Patrons, Clients and Policies – Kitschelt and Wilkinson (2009)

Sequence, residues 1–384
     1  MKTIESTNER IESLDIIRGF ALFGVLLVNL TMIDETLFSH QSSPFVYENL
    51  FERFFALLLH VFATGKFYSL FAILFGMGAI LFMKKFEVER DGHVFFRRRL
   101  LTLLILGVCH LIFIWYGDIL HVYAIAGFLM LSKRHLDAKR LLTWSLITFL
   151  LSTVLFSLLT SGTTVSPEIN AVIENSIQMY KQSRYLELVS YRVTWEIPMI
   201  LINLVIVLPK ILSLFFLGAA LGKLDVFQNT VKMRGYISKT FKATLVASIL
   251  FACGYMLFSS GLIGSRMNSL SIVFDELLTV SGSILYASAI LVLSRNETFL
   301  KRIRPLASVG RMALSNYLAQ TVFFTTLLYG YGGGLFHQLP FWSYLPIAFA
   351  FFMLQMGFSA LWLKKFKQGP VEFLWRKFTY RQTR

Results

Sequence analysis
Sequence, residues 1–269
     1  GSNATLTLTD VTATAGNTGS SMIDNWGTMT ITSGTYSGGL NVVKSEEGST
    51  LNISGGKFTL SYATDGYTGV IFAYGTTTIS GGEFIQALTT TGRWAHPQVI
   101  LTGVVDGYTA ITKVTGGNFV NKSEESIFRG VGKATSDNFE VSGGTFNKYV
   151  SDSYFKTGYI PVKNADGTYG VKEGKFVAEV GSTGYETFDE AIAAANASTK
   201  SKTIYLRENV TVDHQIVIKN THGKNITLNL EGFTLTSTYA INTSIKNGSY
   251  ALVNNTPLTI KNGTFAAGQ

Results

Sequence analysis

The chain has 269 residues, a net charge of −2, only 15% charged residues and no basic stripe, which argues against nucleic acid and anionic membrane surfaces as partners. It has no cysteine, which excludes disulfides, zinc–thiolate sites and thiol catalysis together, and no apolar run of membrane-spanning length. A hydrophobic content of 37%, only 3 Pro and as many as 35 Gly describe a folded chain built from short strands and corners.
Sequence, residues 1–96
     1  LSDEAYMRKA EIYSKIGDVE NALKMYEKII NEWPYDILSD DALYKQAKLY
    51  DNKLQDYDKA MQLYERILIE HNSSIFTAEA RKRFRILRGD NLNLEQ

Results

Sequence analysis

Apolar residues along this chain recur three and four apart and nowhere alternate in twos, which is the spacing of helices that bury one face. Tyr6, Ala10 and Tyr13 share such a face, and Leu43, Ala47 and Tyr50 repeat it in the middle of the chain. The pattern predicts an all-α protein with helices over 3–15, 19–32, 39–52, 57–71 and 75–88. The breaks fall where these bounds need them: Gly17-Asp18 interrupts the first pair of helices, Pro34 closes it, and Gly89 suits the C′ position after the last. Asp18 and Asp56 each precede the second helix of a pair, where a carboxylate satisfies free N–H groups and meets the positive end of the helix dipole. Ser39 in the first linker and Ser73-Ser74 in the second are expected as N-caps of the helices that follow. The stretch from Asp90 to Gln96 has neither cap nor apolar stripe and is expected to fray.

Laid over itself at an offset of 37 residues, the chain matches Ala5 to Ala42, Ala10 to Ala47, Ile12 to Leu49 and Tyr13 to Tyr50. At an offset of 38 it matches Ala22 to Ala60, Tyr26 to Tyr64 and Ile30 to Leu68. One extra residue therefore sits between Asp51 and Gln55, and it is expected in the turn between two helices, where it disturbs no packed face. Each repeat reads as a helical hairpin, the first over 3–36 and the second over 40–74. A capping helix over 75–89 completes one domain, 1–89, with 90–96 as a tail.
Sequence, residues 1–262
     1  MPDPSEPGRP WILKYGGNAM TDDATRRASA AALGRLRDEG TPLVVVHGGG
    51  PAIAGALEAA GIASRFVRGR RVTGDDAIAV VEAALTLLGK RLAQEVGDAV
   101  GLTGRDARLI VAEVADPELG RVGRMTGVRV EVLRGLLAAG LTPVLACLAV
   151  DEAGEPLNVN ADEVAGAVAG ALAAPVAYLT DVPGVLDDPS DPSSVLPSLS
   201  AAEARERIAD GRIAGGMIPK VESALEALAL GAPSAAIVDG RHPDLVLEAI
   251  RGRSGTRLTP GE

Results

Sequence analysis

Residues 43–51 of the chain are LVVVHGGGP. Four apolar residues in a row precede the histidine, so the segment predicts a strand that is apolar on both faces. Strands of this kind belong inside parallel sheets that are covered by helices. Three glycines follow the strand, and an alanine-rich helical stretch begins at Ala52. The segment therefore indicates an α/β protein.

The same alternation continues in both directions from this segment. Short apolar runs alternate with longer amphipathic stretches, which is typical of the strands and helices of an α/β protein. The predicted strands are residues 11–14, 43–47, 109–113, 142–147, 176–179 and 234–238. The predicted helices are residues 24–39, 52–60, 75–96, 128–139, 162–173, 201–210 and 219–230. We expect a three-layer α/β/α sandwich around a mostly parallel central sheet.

This edited volume describes and explains different forms of clientelistic politics. Its observations are in direct contrast to the usual assumptions of programmatic political competition whereby parties compete for citizen's votes by offering alternative policy platforms. This model ignores the quite different type of patronage-based, party–voter linkage that exists in many developing countries and some advanced democracies. In these systems citizen–politician linkages are based on direct material inducements targeted to individuals and small groups of citizens. Democratic accountability in such a system does not result primarily from politicians' success in delivering collective goods such as economic growth, jobs, monetary stability, or national health care, nor does it rest on improving overall distributive outcomes along the lines favoured by broad categories of citizens. Instead, clientelistic accountability represents a transaction, the direct exchange of a citizen's vote in return for direct payments or continuing access to employment, goods, and services. The volume comprises a diverse collection of chapters covering different systems of clientelism operating across the world. It argues for more serious study of clientelist politics and its effects, pointing to the important implications for how international financial institutions should deal with a given country.